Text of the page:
A Message from Jose Dante P. Dator, M.D.
Officer In Charge, Executive Director of NKTI

Over the years the National Kidney and Transplant Institute has evolved to become the leading tertiary specialty center for renal diseases and organ transplantation in the Philippines and Asia. Along the way, the need for multi-disciplinary support and expertise was realized as the diseases we encounter also affects other organs of the body. In pursuing excellence in healthcare delivery, the NKTI will continue to provide our patients with the most modern and globally accepted standards of care.

The Asia Pacific Eye Care Specialist In. (APECS) has been the NKTI’s partner in providing ophthalmological services to our patients as well as to our employees and their families. APECS has elevated the standards of eye care through their comprehensive but costeffective services delivered by well-rounded and trained doctors and staff that complement their state-of-the-art facility which they have established in 2007 and sustained over the years. Their collaborative efforts have become instrumental to NKTI being more “relevant” to the increasing patient care demands, especially in visual rehabilitation.

I am very grateful to APECS as being part of our team and for their invaluable commitment in aligning with our thrust in providing quality healthcare services. APECS is indeed an “asset” to the NKTI.


A Message from Enrique T. Ona, M.D.
Secretary of Health

According to WHO estimates, approximately 314 million people worldwide live with low vision and blindness as a result of three avoidable and treatable conditions namely cataract, errors of refraction and childhood blindness. Of these, 145 million people’s low vision is due to uncorrected refractive errors (near-sightedness, far-sightedness or astigmatism). In most cases, normal vision could be restored with eyeglasses. Yet 80% of blindness is avoidable and/or preventable.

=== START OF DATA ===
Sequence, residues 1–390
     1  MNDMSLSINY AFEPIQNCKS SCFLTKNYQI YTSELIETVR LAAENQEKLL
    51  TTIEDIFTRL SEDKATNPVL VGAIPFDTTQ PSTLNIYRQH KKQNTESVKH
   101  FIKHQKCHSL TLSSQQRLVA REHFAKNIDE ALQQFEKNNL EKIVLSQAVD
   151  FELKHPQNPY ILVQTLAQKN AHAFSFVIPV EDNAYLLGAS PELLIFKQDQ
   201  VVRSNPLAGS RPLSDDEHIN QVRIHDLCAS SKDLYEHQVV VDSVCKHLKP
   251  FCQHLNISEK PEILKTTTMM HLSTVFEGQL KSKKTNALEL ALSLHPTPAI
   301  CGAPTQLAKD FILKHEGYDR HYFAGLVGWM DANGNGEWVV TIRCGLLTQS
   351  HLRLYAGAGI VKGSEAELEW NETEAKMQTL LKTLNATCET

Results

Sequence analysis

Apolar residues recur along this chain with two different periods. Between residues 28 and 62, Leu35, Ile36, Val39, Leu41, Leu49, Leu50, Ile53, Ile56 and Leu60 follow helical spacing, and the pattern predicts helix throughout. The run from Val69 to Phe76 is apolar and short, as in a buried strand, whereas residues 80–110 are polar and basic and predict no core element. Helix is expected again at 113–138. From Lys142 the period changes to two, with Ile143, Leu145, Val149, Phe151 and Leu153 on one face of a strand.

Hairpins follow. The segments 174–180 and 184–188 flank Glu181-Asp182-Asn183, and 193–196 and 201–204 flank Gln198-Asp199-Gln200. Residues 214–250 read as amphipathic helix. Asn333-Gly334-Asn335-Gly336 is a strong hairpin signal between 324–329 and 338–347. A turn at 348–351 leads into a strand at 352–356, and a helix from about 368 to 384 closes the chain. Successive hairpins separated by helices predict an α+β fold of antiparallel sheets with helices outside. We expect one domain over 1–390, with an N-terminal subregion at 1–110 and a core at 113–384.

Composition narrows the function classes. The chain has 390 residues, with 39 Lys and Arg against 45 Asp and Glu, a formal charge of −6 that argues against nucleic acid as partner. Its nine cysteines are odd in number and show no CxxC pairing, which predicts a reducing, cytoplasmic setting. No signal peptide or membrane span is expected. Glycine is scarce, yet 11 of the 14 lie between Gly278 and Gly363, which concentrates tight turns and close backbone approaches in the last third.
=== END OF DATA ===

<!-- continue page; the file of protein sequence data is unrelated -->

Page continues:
In the latest national survey on blindness in our country, about 595,000 Filipinos were blind with
362,000 or 62% blind from cataract and 59,000 blind due to errors of refraction. These are hugely avoidable and treatable blindness and visual impairment.

To address the above concerns, the Department of Health has responded through various strategic
initiatives in the areas of advocacy, health promotion and disease prevention, clinical management, research, policy and program development in the prevention of blindness. The existence of stable,
organized and supportive organizations such as the National Committee on Sight Preservation and
International Agency for the Prevention of Blindness as well as the strong coalition among key stakeholders working closely with the Department of Health provide opportunities to ensure the best possible vision for all people and thereby improve the quality of life.